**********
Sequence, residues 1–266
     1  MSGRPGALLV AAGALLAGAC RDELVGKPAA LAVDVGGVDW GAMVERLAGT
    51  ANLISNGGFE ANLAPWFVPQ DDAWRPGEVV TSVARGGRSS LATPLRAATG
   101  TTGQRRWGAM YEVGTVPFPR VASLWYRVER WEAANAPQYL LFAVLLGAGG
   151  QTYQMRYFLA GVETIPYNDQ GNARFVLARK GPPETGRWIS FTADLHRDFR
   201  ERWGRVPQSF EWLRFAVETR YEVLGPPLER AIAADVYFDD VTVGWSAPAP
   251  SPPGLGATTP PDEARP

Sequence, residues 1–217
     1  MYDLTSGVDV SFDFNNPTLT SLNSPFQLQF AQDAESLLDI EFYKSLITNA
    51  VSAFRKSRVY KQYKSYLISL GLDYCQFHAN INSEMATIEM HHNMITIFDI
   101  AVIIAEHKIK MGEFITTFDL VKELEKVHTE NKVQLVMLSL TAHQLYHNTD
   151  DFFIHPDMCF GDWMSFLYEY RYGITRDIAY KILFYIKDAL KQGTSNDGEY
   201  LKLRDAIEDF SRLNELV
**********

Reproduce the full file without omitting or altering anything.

Sequence, residues 1–266
     1  MSGRPGALLV AAGALLAGAC RDELVGKPAA LAVDVGGVDW GAMVERLAGT
    51  ANLISNGGFE ANLAPWFVPQ DDAWRPGEVV TSVARGGRSS LATPLRAATG
   101  TTGQRRWGAM YEVGTVPFPR VASLWYRVER WEAANAPQYL LFAVLLGAGG
   151  QTYQMRYFLA GVETIPYNDQ GNARFVLARK GPPETGRWIS FTADLHRDFR
   201  ERWGRVPQSF EWLRFAVETR YEVLGPPLER AIAADVYFDD VTVGWSAPAP
   251  SPPGLGATTP PDEARP

Sequence, residues 1–217
     1  MYDLTSGVDV SFDFNNPTLT SLNSPFQLQF AQDAESLLDI EFYKSLITNA
    51  VSAFRKSRVY KQYKSYLISL GLDYCQFHAN INSEMATIEM HHNMITIFDI
   101  AVIIAEHKIK MGEFITTFDL VKELEKVHTE NKVQLVMLSL TAHQLYHNTD
   151  DFFIHPDMCF GDWMSFLYEY RYGITRDIAY KILFYIKDAL KQGTSNDGEY
   201  LKLRDAIEDF SRLNELV